Next, find out not who, but what your enemies really are. Fresh eyes can help you to see things differently. Consider temporary safety supervisors with specialized knowledge of risks associated with specific tasks, materials, tools, and methods.
Don’t overlook getting feedback from employees on worksite dangers. After all, they’re in the thick of it, everyday. When schedulers and estimators are breaking down the work, it’s an ideal time to consider the safety aspects of each activity and task.
When you sort out the worksite dangers make sure to identify those that are ongoing, and not necessarily linked to a particular activity or task. Wintertime slips and falls are an example. Look at your accident history to see trends, and whenever new materials or methods get introduced be sure to do a thorough review of the safety implications.
10 & 11
Once you know the risks, it’s time to figure out how to reduce them. Every task should have minimum safe-work procedures, so assign them and make sure they get included with work packages or instructions.
You need to make sure you hold people accountable when they don’t follow safety requirements, and you need to make sure you do it consistently. Emergencies might be rare, but that’s exactly why you need to have emergency plans built into your safety program for extreme weather, crime, and major accidents.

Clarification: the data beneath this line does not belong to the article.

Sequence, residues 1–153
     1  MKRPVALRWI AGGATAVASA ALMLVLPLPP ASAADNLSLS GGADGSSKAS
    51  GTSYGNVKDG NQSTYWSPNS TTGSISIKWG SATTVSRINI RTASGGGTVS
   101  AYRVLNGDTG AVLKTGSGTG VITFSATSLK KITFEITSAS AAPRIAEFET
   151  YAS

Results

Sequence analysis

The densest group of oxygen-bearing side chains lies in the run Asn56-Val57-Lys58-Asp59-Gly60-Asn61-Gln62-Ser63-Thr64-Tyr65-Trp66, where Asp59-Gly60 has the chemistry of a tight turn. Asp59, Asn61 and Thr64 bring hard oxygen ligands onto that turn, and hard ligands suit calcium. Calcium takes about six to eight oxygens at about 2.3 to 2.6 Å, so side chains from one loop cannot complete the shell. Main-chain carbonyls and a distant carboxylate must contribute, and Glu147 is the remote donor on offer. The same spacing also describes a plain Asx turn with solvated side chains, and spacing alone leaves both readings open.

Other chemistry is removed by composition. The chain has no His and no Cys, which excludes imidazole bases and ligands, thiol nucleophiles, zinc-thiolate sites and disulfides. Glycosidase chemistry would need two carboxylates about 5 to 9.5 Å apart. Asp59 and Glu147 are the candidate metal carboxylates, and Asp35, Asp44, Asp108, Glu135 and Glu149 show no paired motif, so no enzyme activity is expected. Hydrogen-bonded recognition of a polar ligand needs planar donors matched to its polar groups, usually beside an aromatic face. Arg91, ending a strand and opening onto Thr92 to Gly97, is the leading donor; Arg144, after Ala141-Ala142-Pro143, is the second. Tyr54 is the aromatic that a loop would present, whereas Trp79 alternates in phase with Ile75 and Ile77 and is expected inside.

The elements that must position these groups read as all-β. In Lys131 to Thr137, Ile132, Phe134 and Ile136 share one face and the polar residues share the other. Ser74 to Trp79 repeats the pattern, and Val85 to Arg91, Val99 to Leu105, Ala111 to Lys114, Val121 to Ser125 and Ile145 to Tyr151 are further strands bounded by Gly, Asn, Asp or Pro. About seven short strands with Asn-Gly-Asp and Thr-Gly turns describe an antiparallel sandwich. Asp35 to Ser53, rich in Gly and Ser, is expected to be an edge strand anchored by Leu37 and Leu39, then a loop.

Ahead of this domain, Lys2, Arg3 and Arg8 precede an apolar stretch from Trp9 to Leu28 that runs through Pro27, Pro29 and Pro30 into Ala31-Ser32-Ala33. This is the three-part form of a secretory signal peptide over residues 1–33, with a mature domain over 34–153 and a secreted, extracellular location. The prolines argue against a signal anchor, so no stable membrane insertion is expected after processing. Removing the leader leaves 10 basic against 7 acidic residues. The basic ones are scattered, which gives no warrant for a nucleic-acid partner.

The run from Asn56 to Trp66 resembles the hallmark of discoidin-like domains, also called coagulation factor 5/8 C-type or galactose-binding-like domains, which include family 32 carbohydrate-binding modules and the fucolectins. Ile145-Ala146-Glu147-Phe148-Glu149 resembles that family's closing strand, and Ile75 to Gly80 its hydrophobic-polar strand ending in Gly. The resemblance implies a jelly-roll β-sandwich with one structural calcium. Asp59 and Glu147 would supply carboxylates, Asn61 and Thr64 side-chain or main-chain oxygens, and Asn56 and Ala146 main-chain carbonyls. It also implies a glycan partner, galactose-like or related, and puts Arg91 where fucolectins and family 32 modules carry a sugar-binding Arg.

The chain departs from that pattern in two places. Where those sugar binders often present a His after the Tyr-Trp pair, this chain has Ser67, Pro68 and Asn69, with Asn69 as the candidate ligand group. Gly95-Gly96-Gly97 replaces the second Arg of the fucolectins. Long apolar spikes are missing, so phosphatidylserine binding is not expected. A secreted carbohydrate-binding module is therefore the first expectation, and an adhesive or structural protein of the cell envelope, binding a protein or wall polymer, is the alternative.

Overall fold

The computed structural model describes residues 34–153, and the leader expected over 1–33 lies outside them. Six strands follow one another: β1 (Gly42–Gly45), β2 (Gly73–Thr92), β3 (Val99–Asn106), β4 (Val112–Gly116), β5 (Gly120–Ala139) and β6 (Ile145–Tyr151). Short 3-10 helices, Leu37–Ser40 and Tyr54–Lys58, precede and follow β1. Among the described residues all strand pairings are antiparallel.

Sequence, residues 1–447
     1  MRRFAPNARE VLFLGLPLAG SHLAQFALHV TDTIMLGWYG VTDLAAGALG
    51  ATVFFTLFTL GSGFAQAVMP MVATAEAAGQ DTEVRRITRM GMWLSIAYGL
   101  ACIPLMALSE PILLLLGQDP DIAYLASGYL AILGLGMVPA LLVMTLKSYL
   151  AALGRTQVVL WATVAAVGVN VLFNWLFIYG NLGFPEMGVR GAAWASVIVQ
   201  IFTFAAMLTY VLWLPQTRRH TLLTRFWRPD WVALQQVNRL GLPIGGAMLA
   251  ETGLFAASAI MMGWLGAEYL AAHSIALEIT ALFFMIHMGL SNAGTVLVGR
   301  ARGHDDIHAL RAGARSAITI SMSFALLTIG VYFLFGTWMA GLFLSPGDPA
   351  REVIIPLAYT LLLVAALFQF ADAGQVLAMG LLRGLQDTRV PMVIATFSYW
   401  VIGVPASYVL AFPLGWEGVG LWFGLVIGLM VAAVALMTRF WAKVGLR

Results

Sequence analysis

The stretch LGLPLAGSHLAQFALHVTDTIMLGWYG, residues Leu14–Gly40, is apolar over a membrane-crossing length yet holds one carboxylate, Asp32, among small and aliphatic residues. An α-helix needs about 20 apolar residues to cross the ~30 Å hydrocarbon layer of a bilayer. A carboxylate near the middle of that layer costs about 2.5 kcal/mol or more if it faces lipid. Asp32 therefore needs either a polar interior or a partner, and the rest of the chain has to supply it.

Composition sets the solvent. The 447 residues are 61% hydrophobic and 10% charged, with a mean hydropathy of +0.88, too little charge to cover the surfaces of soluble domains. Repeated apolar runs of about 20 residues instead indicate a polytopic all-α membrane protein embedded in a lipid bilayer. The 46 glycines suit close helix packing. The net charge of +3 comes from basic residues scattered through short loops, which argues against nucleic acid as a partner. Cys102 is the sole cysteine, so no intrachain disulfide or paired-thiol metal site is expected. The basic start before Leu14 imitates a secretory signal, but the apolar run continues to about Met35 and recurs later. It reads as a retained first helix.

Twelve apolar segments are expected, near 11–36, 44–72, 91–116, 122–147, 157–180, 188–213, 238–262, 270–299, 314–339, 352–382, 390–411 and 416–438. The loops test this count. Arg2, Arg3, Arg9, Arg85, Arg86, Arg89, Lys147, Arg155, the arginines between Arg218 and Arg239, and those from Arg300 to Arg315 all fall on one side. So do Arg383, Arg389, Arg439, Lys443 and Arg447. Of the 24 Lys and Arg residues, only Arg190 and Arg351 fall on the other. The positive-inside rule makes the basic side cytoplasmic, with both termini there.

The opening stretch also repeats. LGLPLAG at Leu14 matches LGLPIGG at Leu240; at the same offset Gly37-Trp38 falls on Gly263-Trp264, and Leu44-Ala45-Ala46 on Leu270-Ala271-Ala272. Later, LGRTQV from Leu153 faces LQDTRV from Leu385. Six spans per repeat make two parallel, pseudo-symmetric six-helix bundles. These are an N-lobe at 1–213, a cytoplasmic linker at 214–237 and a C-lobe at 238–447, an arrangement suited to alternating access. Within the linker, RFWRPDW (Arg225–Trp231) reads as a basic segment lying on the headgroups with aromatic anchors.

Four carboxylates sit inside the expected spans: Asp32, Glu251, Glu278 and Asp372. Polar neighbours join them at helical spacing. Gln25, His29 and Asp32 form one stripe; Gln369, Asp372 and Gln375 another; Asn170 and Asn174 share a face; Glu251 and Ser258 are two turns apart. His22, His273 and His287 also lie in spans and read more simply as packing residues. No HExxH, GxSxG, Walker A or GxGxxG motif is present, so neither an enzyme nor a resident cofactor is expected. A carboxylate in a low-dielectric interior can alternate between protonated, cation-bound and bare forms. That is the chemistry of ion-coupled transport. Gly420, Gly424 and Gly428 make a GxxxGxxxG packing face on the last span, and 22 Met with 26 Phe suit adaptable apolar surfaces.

A big cause of injuries are tools and equipment that aren’t maintained. And, you need a plan so you effectively track hazards, your responses to them, and the results.
12 & 13
All the work up to now won’t mean much if you don’t aggressively train. The people who administer the safety program need to thoroughly understand it, and all other employees need to understand what it is, why it exists, and what their roles are.
Your emergency plans will work smoothly when people get trained and have regular practice. Training can help people understand how to see risks, and that in turn helps them understand the required safety practices for the tasks they perform.
Don’t assume people know how to correctly use personal protective equipment, or that they know when to use it. Training must be on-going so make sure to put together a master training schedule.